LATE CRETACEOUS PERIOD: 85 - 65 million years ago
The most famous dinosaurs of all time are undoubtedly the large meat-eating members of the Tyrannosauridae family. This family includes beasts such as Nanotyrannus, Albertosaurus, Gorgosaurus, Daspletosaurus, Tarbosaurus, and of the most infamous of all, Tyrannosaurus rex. The emergence and subsequent extinction of all tyrannosaurids was short-lived and occurred in only a 15 million year span in the Late Cretaceous Period. The first reasonably complete skeleton of Tyrannosaurus was discovered in Montana, U.S.A. in the year 1902.
Scientific arguments are ongoing today with differing understandings of the feeding behavior of tyrannosaurs. Some argue their immense size, musculature, lack of usable forelimbs, and olfactory abilities make them more suited as scavengers. Still, most of the arguments FOR scavenging are also supporting or irrelevant arguments in the defense of these giant creatures being predators. Absolute evidence is still lacking for a definitive answer. It is most likely that tyrannosaurs engaged in both predation and scavenging as it would have taken an extraordinary amount of flesh to sustain these massive creatures and any and all meat would have been a welcome meal. One thing is for sure, whether scavenging a carcass or ambushing an unsuspecting victim, nothing that walked the Earth would have messed with a tyrannosaur. In their time, they had no equal.
An aspect that is not in dispute is the powerful muscular / skeletal anatomy of tyrannosaurs and their impressive size in the larger types like T. rex. Tyrannosaurs had well-developed belly ribs that possibly could have supported the dinosaur's weight as it rested on its underside. Its tail was long and robust, serving as a perfect counterbalance to its massive head.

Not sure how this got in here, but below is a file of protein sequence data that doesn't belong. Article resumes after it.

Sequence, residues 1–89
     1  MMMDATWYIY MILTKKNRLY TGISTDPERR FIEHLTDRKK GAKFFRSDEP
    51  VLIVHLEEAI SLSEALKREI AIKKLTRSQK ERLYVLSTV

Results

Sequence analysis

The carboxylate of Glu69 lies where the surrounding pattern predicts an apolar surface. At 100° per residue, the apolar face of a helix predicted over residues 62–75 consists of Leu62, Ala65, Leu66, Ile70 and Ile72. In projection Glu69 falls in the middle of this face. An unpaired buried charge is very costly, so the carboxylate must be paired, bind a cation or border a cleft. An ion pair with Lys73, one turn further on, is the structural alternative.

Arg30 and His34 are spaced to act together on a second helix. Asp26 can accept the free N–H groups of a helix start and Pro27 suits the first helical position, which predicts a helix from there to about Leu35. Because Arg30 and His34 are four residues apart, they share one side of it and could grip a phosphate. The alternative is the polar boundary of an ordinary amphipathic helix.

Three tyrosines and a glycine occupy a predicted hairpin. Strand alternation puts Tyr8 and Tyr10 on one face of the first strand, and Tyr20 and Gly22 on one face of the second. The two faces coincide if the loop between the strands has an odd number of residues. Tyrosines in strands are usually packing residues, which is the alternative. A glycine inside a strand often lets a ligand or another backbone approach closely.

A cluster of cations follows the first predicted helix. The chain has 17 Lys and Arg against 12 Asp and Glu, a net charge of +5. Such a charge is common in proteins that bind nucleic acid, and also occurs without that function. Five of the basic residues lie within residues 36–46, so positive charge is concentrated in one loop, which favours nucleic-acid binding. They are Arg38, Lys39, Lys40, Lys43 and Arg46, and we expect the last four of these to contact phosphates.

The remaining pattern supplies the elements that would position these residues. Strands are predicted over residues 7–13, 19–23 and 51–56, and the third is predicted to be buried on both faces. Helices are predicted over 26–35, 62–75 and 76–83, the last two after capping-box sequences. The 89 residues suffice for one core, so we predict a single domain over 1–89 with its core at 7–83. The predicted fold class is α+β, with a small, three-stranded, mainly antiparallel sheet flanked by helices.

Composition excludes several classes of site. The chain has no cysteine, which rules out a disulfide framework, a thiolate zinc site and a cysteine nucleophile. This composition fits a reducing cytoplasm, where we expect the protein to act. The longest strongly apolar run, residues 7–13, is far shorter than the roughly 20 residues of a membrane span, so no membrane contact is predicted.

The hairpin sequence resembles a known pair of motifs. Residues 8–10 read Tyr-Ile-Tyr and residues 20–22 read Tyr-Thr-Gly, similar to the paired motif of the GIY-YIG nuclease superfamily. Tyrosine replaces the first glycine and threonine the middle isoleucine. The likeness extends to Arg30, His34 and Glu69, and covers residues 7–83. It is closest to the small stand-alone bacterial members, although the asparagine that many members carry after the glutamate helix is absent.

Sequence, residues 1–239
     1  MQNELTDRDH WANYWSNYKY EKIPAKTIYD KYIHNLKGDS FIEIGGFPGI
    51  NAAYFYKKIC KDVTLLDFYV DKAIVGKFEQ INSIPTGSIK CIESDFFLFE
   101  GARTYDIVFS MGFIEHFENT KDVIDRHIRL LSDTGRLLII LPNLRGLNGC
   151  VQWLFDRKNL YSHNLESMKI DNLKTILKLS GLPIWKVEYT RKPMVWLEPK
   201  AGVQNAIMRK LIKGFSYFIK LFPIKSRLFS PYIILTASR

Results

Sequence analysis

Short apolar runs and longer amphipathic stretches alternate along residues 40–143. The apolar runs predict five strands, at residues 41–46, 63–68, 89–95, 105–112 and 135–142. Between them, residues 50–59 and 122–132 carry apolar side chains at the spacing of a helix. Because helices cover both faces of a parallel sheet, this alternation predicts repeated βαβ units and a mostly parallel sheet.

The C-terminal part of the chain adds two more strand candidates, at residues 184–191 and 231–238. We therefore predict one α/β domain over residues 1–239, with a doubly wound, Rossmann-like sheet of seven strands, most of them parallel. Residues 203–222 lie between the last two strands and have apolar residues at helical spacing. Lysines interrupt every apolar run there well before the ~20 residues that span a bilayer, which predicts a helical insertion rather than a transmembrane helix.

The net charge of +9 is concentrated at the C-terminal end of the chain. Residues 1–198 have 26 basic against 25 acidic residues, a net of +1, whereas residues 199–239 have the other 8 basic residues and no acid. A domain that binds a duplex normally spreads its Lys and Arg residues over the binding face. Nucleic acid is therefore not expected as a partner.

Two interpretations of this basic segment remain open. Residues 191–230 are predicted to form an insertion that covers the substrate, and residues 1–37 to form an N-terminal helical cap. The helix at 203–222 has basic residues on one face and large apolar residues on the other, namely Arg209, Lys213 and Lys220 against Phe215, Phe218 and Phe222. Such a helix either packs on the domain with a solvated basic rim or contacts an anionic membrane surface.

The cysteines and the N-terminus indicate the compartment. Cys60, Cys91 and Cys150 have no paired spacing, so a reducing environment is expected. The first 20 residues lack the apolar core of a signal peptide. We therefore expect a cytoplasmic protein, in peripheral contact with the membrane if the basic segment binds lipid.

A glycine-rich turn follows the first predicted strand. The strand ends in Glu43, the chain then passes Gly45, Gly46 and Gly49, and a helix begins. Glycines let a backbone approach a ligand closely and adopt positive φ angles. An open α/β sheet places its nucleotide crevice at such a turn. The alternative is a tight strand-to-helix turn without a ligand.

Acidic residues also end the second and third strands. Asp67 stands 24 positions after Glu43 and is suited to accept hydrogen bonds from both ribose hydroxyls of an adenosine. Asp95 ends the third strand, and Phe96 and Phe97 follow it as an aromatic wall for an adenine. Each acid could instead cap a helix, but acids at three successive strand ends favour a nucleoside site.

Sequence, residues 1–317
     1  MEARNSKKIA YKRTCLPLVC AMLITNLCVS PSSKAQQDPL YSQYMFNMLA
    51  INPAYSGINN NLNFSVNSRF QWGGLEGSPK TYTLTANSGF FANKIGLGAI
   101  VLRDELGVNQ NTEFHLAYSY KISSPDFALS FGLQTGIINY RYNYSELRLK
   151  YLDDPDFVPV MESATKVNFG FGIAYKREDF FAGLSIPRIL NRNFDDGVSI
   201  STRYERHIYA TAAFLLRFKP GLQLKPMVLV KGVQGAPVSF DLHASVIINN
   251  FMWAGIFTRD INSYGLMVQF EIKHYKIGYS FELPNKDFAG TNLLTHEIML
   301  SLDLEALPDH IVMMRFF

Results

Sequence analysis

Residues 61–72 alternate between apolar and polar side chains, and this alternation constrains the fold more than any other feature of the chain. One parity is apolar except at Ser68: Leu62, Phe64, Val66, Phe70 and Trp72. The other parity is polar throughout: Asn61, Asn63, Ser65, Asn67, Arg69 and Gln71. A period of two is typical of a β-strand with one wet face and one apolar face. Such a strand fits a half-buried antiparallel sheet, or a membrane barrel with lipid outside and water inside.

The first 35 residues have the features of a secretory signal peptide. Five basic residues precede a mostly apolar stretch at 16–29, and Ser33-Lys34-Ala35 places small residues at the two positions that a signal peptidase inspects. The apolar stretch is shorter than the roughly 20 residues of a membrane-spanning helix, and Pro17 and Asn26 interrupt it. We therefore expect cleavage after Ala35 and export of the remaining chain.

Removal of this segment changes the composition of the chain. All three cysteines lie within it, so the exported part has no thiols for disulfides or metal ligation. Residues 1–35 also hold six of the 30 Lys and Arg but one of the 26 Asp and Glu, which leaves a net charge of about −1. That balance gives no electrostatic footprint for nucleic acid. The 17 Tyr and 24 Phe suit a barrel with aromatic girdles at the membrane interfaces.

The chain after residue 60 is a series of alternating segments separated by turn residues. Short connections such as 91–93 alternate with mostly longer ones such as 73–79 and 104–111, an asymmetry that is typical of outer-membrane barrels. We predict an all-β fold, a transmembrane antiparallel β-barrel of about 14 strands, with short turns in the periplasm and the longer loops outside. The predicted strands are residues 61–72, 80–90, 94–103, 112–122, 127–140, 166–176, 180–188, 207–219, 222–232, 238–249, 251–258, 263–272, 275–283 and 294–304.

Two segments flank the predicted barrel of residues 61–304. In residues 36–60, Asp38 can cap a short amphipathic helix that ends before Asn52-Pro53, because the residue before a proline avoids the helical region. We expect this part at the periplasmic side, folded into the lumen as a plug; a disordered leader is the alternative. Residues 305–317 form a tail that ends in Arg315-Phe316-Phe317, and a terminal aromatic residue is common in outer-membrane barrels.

Tyrannosaurs had a distinctive two-fingered hand instead of the more common three-clawed type. Their arms were strangely dwarfed and thin, appearing useless. Their skulls were large in comparison to their body size, and they possessed extremely powerful jaws. The design of the skull bones enabled it to absorb great stress without damage. The large curved teeth were serrated and thicker than other typical theropod teeth of laterally compressed design. This enabled the teeth of tyrannosaurs to puncture thick hide and tendons, crush bone with ease and hold up under the extreme bite force of the jaw muscles.
Fossils of tyrannosaurs have been found in North America and Central Asia.
Unscrupulous fossil dealers, in an effort to make a sale by "enhancing" the value of their fossils, will call their Carcharodontosaurus dinosaur fossils as from the "African T. rex" but there is absolutely no relation between the two dinosaurs. Carcharodontosaurus is not a Tyrannosaur and lived BEFORE Tyrannosaurus rex. It is not considered an ancestor or in the same lineage as Tyrannosaurus rex.
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